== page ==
Hm, a TV show called Lucifer. I was wondering when someone would object to a network TV show named after Satan, and sure enough One Million Moms took up the challenge:
FOX’s new drama “Lucifer” is spiritually dangerous. The new program “Lucifer” glorifies Satan as a caring, likable person in human flesh. The character Lucifer Morningstar makes being the devil look cool, drives a fancy car, gets out of a speeding ticket, owns a nightclub in LA, and is irresistible to women. “Lucifer” premiered January 25, 2016, at 9:00 p.m. ET/8:00 p.m. CT with a 14-DLSV rating.
The series focuses on Lucifer portrayed as a good guy “who is bored and unhappy as the Lord of Hell.” He resigns his throne, abandons his kingdom, and retires to Los Angeles, where he gets his kicks helping the LAPD punish criminals.
At the same time, God’s emissary, the angel Amenadiel, has been sent to Los Angeles to convince Lucifer to return to the underworld. Lucifer questions Amenadiel, “Do you think I’m the devil because I’m inherently evil or just because dear old Dad decided I was?” The question is meant to make people rethink assumptions about good and evil, including about God and Satan.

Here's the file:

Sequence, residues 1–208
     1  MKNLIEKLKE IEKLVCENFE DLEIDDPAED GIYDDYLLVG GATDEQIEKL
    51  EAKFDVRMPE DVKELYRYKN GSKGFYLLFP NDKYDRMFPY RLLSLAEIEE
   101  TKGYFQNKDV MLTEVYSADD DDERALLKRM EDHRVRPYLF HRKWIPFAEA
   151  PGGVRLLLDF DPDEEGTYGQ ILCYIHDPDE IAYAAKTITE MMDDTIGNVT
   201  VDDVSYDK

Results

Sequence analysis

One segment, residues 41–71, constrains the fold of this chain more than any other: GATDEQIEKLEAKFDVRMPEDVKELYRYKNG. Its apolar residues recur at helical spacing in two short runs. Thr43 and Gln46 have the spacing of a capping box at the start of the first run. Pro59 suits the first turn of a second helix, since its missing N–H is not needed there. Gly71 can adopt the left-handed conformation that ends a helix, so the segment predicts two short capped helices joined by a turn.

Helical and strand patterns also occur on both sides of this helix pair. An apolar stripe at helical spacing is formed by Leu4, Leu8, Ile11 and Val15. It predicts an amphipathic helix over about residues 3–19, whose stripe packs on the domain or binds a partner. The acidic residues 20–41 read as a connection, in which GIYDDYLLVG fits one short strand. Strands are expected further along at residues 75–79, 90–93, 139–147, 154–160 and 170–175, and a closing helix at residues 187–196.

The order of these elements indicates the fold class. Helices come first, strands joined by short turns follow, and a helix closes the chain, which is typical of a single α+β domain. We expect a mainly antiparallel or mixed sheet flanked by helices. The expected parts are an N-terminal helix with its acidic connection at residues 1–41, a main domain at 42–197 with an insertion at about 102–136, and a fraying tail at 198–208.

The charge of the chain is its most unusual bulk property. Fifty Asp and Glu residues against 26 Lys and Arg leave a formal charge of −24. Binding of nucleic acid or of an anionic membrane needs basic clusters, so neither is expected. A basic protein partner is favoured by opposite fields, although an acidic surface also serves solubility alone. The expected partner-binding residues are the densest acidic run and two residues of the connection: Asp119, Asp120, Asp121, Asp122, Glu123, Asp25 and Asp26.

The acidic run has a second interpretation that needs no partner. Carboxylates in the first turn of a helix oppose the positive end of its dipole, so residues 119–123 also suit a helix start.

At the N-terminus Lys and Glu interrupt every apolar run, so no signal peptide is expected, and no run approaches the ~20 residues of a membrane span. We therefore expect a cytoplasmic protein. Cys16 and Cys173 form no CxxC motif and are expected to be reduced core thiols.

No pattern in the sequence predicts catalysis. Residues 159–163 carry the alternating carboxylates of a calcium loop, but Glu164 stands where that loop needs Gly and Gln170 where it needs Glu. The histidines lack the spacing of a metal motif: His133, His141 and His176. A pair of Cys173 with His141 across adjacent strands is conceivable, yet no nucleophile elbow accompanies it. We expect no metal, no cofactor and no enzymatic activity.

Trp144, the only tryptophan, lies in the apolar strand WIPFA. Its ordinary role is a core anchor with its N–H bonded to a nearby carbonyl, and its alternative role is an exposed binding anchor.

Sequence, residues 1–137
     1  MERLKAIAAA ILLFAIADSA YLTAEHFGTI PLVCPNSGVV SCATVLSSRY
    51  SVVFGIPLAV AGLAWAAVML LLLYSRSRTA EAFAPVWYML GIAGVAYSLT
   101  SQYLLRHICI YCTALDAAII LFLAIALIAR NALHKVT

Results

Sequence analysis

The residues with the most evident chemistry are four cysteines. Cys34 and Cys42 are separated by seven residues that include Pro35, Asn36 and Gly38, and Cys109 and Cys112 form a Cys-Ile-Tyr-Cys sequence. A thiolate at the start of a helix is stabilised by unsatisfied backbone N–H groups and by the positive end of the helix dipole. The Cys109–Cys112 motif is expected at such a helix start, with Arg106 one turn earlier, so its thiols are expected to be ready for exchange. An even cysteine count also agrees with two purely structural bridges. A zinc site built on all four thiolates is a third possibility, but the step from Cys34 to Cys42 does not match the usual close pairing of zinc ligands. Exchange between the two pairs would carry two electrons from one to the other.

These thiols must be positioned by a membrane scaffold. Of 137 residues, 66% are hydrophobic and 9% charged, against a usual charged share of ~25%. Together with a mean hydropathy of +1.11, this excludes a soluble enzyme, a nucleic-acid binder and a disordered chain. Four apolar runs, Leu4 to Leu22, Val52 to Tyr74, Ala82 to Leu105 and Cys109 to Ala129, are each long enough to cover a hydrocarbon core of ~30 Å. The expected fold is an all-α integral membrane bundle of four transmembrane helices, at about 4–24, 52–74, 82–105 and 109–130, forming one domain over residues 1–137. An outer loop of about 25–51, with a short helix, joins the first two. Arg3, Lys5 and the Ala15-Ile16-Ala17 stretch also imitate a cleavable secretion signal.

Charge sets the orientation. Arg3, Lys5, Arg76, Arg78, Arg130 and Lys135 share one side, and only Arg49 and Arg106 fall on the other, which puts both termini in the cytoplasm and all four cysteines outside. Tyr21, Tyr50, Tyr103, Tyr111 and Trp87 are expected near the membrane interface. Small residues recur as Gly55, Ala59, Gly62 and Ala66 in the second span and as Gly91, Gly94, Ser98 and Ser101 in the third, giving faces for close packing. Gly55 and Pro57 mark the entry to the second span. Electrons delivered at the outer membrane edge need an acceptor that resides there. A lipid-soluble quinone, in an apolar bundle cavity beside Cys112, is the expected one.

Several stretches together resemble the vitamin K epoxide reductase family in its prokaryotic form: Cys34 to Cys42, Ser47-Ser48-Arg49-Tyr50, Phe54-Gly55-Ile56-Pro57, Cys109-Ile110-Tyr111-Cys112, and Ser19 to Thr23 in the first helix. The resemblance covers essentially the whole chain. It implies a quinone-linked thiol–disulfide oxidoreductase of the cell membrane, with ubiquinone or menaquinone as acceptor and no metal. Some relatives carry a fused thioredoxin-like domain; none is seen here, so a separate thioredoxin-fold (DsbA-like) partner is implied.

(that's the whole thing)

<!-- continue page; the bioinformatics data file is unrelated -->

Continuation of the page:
The premiere included graphic acts of violence, a nightclub featuring scantily-clad women, and a demon. The message of the show is clear. Lucifer is just misunderstood. He doesn’t want to be a bad guy, it’s God who is forcing him to play that role.
OMM has targeted Olive Garden which is a sponsor of the show, because nothing helps you fight crime like loading up on garlic bread. The organization has suggsted peopel complain on Olive Garden’s Facebook page but thus far, there seems to be more a battle of cheesecake vs tiramisu than good vs evil. One Million Moms launched an unsuccessful campaign against the show being aired back in May. Previous comics- related campaigns have targeted Archie’s gay character Kevin Keller, Marvel and DC move to diversity, and even The Muppets. All of these protests failed to make much of a dent, and I suspect Lucifer will keep enjoying his 1400 calorie servings of Chicken Alfredo, although he’d better hit the salad a bit if he wants to keep fitting into his well-tailored suits.
Heidi MacDonald is the founder and editor in chief of The Beat. In the past, she worked for Disney, DC Comics, Fox and Publishers Weekly. She can be heard regularly on the More To Come Podcast. She likes coffee, cats and noble struggle.